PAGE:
As for 2014, the hardest material on earth is a diamond, a form of pure carbon. It ranks 10 on the Mohs hardness scale and has a rating of between 70 and 150 GPa, or gigapascals on the Vickers hardness scale.
Anatomically modern humans, Homo sapiens sapiens, are a 150,000-year-old subspecies responsible for the entirety of recorded history and civilization. The human species, Homo sapiens, is currently believed to date back nearly 200,000 years.
The hardest known substance is lonsdaleite, also called hexagonal diamond, according to a study published in Physical Review Letters and reported on Phys.org. Lonsdaleite is 58 percent stronger than diamond, which was previously considered to be the hardest substance.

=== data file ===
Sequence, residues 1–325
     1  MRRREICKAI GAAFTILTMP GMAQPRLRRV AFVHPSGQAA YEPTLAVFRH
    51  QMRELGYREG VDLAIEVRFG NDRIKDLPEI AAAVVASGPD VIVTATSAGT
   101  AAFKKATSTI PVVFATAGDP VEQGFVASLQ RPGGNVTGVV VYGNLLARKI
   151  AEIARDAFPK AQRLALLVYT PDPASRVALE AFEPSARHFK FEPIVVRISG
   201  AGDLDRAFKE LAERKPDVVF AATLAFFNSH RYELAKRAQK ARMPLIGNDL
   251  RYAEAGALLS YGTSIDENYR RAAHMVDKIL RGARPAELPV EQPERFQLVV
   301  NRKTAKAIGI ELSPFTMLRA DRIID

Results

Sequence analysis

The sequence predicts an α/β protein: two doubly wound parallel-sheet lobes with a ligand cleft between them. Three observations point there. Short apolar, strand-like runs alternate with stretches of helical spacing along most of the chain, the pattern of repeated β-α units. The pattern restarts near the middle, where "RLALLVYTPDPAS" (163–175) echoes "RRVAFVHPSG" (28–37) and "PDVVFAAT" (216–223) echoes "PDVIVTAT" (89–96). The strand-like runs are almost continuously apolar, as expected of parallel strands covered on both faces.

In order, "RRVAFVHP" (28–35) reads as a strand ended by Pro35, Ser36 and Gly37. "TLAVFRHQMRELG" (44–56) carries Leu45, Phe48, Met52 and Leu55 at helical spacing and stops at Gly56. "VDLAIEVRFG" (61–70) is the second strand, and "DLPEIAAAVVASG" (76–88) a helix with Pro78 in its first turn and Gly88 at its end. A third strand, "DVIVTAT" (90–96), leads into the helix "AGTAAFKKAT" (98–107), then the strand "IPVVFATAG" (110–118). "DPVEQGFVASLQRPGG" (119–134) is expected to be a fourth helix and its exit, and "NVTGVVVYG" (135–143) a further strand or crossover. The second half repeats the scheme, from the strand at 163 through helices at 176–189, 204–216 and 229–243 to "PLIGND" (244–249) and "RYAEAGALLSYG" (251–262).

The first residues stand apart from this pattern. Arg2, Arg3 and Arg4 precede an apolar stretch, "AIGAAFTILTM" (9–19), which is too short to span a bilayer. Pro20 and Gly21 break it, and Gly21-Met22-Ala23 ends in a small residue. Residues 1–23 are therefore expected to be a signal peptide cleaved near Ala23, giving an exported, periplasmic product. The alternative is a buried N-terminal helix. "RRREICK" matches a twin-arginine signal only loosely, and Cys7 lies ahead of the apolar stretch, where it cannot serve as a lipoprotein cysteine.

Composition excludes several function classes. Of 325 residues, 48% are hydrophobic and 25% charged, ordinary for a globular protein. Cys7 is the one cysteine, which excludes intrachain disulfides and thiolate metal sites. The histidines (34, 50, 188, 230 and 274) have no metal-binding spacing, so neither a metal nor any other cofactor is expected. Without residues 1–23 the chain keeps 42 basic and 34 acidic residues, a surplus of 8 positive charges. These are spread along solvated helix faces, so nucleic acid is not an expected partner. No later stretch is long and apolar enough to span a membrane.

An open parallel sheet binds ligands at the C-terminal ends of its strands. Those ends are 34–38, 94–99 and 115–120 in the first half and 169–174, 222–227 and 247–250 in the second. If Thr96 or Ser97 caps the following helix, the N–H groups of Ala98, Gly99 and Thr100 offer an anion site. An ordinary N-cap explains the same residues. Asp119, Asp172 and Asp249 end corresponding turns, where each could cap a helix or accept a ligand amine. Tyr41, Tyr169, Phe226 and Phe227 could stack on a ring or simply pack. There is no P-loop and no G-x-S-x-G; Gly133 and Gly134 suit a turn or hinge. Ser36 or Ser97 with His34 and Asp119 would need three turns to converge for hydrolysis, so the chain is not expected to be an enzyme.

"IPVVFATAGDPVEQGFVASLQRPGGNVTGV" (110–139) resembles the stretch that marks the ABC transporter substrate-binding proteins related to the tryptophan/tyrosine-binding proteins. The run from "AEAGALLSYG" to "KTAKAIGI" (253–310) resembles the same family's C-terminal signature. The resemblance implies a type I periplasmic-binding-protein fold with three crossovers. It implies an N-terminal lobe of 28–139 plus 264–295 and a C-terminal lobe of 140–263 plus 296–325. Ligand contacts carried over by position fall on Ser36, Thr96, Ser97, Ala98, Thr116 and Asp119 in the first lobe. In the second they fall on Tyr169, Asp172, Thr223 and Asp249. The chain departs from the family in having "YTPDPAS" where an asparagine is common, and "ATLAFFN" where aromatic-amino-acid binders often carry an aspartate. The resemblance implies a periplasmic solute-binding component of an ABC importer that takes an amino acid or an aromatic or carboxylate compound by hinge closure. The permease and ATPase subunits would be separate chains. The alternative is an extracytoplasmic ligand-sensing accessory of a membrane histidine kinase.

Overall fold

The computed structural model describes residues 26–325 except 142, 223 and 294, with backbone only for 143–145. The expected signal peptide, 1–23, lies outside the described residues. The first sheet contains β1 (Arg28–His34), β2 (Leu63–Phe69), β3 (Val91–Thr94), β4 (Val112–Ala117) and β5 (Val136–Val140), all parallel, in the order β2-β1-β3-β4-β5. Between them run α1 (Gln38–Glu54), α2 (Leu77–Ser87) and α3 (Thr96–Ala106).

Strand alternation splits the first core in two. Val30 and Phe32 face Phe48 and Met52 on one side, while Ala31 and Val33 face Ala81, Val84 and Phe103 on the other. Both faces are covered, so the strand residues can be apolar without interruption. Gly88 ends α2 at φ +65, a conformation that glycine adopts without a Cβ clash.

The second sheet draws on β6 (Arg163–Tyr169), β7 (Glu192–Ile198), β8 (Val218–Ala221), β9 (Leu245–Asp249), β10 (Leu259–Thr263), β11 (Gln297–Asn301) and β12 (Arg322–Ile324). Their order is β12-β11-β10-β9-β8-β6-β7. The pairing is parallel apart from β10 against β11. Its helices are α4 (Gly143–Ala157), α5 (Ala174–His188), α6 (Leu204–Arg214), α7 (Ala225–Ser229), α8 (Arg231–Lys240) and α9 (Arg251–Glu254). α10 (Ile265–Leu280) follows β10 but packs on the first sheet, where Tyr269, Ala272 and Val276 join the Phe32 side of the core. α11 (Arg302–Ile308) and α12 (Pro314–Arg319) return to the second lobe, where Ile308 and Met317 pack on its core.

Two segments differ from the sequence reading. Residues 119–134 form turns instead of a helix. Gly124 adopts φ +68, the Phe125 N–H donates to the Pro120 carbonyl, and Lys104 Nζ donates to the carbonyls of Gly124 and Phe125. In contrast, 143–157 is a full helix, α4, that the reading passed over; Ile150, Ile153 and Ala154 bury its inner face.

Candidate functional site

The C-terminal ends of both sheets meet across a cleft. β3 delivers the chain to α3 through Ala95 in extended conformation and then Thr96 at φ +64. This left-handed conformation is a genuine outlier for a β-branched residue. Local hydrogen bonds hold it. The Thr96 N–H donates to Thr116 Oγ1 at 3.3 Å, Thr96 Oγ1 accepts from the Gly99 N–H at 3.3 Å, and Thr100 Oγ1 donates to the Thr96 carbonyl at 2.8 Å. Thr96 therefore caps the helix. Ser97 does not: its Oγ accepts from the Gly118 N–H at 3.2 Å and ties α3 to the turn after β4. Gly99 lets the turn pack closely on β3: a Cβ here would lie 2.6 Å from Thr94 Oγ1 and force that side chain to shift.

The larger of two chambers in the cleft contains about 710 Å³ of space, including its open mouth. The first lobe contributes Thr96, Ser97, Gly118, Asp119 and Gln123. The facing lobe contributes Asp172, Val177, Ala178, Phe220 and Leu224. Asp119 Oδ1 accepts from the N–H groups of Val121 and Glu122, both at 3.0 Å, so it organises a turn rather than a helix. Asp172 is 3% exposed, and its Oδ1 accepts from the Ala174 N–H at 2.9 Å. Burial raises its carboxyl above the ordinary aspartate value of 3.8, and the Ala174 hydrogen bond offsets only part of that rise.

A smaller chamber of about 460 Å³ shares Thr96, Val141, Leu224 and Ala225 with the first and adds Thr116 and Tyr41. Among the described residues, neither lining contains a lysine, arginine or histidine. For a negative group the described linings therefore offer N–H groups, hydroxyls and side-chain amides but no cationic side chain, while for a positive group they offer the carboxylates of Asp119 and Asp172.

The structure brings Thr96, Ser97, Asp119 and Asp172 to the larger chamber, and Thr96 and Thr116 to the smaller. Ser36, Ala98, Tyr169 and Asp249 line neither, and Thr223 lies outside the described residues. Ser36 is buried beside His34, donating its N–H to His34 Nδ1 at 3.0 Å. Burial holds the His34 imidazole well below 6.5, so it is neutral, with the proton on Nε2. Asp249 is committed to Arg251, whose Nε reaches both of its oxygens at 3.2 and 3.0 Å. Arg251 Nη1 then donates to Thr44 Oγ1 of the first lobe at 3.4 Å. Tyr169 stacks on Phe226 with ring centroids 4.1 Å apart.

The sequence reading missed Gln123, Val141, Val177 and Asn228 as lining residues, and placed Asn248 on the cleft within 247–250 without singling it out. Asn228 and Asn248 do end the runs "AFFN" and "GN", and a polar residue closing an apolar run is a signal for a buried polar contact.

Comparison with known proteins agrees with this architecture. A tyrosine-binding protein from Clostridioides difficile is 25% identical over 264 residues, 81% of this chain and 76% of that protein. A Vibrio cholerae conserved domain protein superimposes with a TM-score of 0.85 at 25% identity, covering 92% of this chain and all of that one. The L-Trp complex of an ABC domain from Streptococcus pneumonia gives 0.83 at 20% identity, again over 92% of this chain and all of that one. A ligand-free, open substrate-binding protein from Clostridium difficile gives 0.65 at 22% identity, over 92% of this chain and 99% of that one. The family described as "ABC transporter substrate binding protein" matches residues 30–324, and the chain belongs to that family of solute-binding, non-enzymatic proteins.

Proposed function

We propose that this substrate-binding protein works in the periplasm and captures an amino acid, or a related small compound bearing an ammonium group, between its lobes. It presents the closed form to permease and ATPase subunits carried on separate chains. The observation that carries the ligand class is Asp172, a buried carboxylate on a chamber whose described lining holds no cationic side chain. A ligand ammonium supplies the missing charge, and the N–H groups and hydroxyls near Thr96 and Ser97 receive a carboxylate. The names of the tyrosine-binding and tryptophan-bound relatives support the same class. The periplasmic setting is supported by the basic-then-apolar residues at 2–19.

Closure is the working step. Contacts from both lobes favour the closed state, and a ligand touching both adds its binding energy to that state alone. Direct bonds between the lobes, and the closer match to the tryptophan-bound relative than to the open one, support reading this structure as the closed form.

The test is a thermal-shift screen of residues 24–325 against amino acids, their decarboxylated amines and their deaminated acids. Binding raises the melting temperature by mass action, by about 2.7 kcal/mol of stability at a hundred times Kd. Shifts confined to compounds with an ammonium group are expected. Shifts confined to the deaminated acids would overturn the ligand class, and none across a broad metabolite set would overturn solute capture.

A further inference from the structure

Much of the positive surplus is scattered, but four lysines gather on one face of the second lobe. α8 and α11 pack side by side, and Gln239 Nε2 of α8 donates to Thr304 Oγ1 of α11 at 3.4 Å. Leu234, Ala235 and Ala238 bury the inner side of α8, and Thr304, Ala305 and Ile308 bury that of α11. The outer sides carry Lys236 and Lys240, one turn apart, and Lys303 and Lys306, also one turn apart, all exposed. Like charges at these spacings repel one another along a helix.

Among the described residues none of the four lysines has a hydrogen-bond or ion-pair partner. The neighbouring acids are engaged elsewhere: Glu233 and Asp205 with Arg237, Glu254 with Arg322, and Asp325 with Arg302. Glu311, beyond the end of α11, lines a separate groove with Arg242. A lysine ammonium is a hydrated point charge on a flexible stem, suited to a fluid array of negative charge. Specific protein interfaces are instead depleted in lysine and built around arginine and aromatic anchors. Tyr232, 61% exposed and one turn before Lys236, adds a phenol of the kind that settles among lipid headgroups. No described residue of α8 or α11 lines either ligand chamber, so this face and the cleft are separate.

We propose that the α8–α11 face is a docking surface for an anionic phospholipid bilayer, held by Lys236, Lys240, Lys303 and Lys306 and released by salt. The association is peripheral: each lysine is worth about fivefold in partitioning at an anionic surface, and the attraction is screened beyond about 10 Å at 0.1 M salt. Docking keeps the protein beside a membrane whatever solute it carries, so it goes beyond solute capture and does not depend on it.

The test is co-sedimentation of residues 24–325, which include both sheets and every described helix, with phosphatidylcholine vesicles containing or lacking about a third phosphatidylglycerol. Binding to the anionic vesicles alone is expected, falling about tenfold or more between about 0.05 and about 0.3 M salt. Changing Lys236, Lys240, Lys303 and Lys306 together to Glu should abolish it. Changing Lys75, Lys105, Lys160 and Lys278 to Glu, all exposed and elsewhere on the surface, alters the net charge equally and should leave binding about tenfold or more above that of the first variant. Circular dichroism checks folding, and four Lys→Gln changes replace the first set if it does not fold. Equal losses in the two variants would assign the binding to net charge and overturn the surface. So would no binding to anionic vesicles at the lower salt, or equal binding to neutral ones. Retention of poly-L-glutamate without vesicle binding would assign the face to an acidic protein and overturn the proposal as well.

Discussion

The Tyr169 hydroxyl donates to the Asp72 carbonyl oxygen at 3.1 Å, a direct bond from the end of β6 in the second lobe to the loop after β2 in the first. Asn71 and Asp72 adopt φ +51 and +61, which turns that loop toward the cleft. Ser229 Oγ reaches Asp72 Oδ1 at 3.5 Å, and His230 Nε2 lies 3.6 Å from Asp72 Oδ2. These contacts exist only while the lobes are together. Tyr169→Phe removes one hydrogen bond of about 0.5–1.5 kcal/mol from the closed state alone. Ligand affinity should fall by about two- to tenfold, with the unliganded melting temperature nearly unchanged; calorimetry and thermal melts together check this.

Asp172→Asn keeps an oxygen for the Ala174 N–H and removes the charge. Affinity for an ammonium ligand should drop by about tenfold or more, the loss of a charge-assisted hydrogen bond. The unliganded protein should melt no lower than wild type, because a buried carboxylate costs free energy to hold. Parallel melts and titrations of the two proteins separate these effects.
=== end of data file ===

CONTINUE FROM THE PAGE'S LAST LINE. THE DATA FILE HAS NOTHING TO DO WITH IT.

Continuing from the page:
Alloyed steels, steel combined with other elements to increase their hardness and strength, are the hardest known metals. Maraging steel, a heat-treated steel, is one of the strongest steel alloys.
There's no single hardest rock on Earth. The strongest types, on the other hand, include quartz in their makeup: quartzite, quartz sandstones, rhyolites and granites, according to the MadSci Network.
Maraging steel is the hardest metal on Earth. This steel is an alloy of nickel, cobalt and molybdenum. Most of the hardest metals are not naturally occurring; instead, they are man-made alloys.
Maraging steel, which is a super-strong steel, is the hardest-known metal in the world. It is an iron alloy that contains high amounts of cobalt, nickel and molybdenum.